Entrepreneurs starting a small business quickly learn their loved ones will be impacted, even if their start-up plan doesn’t roadmap the venture as a family business.
Starting a small business is time and labor-intensive, sometimes emotional, and always a challenge. When your family is involved, there’s a layer of nuance that could make running the business more complicated. Here are some tips to start a business with your family and keep it running successfully.
Don’t Just Survive—Thrive in the Family Business
Starting a small business can feel like a blessing and a curse. From market issues to labor, small business funding, and more, entrepreneurship is not an easy venture.
It gets trickier if you involve a relative in the business model. Having a spouse or a sibling as a partner can add the emotionalism of the relationship to the ups and downs of the business. If you fail to fully define responsibilities or if your vision for the business isn’t on the same page, it can cause frustration and hamper the productivity of the entire team.
Family-owned companies are the heartbeat of commerce in the US. There are many advantages to these models, including access to low or no-cost labor as the business builds. Family members can also be a source of small business funding if needed. According to StartupNation, some experts recommend not hiring family members at all due to the potential messy nature of adding personal relationships into a small business start-up. At the same time, countless small companies have thrived by reaping the benefits of the family structure to build the business.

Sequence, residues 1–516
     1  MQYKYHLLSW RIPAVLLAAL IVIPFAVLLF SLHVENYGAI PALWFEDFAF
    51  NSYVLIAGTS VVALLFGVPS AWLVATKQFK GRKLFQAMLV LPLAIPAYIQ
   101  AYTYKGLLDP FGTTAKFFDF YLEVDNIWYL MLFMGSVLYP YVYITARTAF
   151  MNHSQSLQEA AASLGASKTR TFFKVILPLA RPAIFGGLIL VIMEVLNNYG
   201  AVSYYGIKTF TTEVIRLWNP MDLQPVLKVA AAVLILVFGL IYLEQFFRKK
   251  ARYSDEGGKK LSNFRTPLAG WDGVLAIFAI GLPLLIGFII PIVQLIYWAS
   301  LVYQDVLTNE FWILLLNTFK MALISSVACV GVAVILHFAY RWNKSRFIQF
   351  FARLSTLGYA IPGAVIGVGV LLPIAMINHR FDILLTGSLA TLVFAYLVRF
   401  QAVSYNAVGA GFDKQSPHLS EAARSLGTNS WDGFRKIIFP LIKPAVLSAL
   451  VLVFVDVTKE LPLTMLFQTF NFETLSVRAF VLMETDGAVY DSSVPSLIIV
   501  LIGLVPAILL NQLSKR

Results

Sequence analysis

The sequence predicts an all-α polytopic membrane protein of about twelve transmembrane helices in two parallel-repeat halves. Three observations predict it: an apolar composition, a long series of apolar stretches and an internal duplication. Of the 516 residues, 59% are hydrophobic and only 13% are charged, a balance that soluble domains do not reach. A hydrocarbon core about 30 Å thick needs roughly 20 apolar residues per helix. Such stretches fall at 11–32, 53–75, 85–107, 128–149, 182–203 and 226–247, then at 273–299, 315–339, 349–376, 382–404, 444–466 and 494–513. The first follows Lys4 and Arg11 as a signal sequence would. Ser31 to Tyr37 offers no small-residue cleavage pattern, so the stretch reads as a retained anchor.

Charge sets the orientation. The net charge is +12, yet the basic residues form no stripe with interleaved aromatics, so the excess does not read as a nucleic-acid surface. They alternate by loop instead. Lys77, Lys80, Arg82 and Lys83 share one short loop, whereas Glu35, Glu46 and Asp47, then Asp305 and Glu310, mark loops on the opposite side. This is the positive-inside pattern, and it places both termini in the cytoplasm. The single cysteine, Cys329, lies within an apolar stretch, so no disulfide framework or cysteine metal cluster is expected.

Thriving in a small family business requires some clear definitions of how your loved ones will function under the model. For example:
- Put these business relationships in writing with clear definitions of duties, ownership, and other responsibilities and rewards, just like you would with any other employee or partner. Don’t make the mistake of relying on verbal agreements with someone you love. Formalize and professionalize the arrangement by putting everything in writing.
- Set boundaries allowing you to leave work where it belongs—outside the home and the regular family relationship.
- Define regular communication paths such as weekly meetings with agendas designed to resolve any disputes or air hard feelings if they occur.
- Don’t take advantage of family members. Make work schedules and pay fair to everyone. Don’t set lower or higher standards just because they’re family members.
- Find a trusted advisor outside the family to help you navigate entrepreneurship. Look for financial and business advice from experts on small business and 401(k) funding as well as basic business necessities such as labor or accounting.
Starting a small family business can be fraught with strong emotions. But a family business is business. Don’t make the mistake of overemphasizing family relationships over the business model. Also avoid bringing family squabbles into the workplace, which will make you and your employees very uncomfortable. If you can follow these rules, your business and your family will thrive.
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